Hanslope (St. James)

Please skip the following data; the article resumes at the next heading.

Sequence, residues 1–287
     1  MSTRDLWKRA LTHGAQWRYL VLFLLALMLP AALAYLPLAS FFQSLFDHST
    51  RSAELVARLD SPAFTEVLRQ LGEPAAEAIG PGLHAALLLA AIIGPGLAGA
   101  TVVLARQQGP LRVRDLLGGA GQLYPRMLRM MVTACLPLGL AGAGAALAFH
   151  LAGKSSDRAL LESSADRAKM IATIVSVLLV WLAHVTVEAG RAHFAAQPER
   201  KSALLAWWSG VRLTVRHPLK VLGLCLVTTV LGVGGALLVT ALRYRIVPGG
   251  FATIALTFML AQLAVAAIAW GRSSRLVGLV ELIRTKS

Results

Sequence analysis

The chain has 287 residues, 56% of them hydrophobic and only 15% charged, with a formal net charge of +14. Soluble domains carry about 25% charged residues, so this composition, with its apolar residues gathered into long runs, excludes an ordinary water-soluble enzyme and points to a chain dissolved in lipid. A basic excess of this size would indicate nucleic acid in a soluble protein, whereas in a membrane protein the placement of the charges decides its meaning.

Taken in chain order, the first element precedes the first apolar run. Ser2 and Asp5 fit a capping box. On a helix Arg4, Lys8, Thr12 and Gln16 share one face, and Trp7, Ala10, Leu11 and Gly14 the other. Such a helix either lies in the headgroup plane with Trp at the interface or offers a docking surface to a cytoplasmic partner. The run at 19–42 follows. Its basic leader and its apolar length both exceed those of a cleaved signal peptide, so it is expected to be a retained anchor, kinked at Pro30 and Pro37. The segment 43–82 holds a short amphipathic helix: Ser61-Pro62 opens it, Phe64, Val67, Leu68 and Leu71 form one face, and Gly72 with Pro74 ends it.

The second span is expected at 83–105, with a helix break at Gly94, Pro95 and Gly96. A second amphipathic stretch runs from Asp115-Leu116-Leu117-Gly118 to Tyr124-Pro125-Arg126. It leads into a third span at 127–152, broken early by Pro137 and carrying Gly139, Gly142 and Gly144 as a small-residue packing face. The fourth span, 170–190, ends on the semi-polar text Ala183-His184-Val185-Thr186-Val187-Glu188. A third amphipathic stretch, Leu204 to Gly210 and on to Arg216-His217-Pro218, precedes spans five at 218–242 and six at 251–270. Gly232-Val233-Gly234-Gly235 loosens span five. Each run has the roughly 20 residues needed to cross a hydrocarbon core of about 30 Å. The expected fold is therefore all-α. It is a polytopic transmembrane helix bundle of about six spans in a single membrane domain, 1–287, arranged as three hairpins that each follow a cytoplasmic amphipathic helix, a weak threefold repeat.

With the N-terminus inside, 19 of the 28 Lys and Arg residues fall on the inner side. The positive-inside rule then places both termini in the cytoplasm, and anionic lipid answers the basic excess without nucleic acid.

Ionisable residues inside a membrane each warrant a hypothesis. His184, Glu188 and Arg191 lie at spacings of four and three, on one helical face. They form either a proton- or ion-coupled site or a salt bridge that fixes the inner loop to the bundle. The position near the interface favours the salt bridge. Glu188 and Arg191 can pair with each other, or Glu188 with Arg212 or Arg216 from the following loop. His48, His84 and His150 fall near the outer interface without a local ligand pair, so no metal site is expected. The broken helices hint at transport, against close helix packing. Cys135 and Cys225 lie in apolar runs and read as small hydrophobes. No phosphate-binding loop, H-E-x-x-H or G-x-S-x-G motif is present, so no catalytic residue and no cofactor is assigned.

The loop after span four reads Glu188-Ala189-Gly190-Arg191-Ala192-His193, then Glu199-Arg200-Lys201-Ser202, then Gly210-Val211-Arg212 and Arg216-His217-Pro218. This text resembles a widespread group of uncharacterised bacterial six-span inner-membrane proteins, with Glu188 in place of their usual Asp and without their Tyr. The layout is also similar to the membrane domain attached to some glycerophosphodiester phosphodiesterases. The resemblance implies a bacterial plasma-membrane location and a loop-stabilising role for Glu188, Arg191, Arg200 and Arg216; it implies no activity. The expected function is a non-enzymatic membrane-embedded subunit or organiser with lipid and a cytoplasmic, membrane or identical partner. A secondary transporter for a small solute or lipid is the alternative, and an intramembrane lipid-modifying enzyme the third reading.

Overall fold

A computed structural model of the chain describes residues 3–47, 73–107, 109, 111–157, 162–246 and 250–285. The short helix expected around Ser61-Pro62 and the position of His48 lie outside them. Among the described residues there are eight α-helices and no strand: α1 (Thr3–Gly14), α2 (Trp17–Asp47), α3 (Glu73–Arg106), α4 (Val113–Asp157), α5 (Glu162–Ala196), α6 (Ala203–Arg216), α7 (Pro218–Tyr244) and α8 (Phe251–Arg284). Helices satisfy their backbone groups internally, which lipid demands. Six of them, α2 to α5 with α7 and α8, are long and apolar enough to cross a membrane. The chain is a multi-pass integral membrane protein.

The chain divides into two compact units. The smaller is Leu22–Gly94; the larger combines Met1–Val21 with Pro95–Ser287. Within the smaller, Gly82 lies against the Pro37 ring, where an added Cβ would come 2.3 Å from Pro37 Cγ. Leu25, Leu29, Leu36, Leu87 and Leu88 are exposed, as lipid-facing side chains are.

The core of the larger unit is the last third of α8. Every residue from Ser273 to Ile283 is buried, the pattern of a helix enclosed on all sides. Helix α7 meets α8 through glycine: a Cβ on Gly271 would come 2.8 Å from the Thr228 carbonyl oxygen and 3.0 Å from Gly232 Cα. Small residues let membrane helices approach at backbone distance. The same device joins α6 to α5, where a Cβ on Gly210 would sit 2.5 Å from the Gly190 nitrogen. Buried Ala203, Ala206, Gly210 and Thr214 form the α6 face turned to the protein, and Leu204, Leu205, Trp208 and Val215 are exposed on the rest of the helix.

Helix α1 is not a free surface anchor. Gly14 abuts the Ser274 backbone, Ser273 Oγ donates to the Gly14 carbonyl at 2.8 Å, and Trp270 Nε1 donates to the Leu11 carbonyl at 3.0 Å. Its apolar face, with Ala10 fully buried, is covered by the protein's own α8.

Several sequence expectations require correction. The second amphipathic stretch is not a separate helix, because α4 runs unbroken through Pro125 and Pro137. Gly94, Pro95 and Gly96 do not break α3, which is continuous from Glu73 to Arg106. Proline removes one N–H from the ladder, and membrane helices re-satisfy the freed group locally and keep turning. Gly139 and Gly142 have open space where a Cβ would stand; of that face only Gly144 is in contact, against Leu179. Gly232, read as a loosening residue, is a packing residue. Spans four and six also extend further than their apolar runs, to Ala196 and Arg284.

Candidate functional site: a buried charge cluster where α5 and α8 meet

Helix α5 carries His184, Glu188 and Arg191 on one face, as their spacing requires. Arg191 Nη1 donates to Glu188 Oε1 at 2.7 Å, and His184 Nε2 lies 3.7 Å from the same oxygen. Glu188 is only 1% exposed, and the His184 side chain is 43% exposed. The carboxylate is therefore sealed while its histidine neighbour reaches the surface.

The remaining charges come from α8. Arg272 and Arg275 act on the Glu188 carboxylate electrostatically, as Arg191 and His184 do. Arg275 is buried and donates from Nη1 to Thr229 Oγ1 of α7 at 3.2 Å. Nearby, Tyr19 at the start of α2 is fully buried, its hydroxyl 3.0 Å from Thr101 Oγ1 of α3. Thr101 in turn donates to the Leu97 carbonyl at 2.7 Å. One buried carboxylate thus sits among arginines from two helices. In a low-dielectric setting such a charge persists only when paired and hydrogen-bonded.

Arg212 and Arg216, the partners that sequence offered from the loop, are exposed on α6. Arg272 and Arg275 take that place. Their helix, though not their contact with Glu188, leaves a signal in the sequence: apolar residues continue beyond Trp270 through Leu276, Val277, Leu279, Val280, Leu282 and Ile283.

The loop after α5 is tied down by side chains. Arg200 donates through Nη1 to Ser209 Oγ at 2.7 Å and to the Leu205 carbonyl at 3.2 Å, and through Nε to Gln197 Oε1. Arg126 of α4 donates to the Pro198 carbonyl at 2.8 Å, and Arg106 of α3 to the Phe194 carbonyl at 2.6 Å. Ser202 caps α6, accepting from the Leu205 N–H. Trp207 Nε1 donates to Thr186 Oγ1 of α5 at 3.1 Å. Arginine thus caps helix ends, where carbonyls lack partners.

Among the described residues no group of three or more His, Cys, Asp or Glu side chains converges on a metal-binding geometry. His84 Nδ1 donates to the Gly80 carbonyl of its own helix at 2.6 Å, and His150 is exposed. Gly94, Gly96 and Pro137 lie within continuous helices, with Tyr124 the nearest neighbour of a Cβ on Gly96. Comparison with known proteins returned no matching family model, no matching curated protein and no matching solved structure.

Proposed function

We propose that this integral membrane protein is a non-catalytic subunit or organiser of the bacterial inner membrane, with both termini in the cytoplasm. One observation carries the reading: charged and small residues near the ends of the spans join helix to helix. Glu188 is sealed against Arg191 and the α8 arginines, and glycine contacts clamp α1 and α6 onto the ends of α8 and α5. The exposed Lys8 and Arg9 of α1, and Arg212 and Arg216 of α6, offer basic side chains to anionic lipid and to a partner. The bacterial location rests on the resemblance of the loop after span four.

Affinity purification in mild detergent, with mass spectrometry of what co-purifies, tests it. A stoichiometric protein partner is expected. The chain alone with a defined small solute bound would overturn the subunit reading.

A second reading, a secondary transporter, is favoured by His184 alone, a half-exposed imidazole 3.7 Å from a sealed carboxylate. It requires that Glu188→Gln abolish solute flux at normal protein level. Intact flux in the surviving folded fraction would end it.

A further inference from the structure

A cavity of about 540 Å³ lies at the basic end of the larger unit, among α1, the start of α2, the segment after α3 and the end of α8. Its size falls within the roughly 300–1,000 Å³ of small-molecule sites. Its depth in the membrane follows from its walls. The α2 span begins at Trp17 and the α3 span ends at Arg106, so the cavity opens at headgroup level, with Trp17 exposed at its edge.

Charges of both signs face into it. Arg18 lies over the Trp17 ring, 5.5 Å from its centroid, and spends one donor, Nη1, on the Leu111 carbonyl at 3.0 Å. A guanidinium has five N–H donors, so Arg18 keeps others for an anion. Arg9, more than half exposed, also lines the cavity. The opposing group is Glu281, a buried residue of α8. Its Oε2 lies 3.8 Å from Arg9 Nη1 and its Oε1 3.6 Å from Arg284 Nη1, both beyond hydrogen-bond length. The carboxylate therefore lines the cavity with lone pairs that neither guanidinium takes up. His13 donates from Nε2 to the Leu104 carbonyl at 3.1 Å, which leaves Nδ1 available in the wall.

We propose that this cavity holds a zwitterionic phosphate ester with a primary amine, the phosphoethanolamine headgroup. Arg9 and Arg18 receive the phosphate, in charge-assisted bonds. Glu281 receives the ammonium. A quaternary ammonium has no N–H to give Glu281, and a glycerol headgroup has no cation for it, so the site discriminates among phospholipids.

HANSLOPE (St. James), a parish, in the union of Newport-Pagnell, hundred of Newport, county of Buckingham, 4½ miles (N. N. E.) from Stony-Stratford; containing 1553 inhabitants. The parish belonged to William Beauchamp, Earl of Warwick, who, in 1293, obtained the grant of a market on Thursday, and a fair commencing on the festival of St. James and to continue for 15 days, both which have been discontinued. The manufacture of lace employs from 500 to 600 women and children: in connexion with the trade are schools where children are taught to work, from the age of five years till eleven or twelve years old, when they are able to support themselves. The London and Birmingham railway passes about a mile to the south-west of the church. There are several quarries which afford materials for building, and for mending the roads; and a fair for cattle is held on Holy-Thursday. The living is a vicarage not in charge, with the living of Castlethorpe annexed; net income, £90; patron, G. Hyde, Esq. The church, which was erected in 1409, by Thomas Knight, clerk, has a lofty tower surmounted by an octagonal fluted spire, rising to a height of 200 feet; the spire was destroyed by lightning in 1804, but has been rebuilt in its original form. There are places of worship for Baptists and Wesleyans. William Watts, Esq., has built and endowed a school; and there are several charitable bequests, in the aggregate amounting to more than £100 per annum, distributed among the poor of the parish.